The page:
15 February 2005

Height of Land

The portage between South and North lakes in the eastern BWCA may not appear out of the ordinary, but it marks a hydrologic feature as impressive as the Rocky Mountains. Running ENE-WSW through the Boundary Waters, the Laurentian Divide separates the watersheds of the Great Lakes, the St. Lawrence River, and the Atlantic to the east from those of Hudson Bay to the north. Futher west, the Laurentian Divide separates the Mississippi River and Hudson Bay drainages. The French-Canadian Voyageurs of the 18th and 19th centuries marked the occasion of crossing Height of Land with a ceremony:
The novice took off his hat, and knelt. The oldest guide present, probably thirty years of age, cut off a stout cedar bough, and dipped it in the water. He lashed the initiate until he was drenched to the skin, and then in French, the language of the fur-trade, administered the oath. It required two promises, one, on his honour never to permit a new-comer to pass over the height of land without a similar ceremony, and second, never to kiss another voyageur’s wife without her consent. A cheer, a burst of gunfire and a toast highlighted the occasion. From that moment he was entitled to make the boast that commanded respect "Je suis un homme du Nord." "I am a man of the North."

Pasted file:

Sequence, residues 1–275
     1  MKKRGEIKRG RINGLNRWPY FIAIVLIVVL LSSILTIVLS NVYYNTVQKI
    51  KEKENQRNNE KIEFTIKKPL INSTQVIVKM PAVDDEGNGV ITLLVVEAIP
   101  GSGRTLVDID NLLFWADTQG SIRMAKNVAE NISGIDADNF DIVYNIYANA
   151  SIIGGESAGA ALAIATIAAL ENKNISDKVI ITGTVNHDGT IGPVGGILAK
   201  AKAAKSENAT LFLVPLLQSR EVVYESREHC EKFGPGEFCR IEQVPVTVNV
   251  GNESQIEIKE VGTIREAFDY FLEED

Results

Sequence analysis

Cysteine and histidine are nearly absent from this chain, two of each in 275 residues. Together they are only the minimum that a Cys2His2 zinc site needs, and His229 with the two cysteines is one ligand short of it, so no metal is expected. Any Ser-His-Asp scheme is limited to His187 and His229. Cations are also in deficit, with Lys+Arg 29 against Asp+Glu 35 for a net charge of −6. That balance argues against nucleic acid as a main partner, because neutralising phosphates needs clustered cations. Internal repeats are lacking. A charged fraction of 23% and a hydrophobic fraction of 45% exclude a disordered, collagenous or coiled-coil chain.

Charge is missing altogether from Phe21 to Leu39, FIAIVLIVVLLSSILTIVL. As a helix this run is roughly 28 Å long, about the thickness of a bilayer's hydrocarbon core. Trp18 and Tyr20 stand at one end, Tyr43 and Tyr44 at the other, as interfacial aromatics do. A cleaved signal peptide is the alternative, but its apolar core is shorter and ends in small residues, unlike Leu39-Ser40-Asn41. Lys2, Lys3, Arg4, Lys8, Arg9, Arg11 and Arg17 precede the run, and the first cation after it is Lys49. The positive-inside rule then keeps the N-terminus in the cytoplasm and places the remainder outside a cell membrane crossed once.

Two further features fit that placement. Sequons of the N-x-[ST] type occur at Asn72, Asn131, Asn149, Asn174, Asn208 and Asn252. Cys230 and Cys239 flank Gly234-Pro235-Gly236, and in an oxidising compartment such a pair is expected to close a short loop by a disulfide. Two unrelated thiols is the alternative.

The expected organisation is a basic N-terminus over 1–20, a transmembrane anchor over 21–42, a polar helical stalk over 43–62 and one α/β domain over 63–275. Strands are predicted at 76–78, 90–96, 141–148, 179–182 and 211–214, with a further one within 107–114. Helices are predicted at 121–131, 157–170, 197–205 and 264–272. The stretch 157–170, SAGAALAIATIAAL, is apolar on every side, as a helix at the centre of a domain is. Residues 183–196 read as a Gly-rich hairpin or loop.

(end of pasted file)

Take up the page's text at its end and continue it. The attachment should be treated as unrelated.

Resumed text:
Very fun.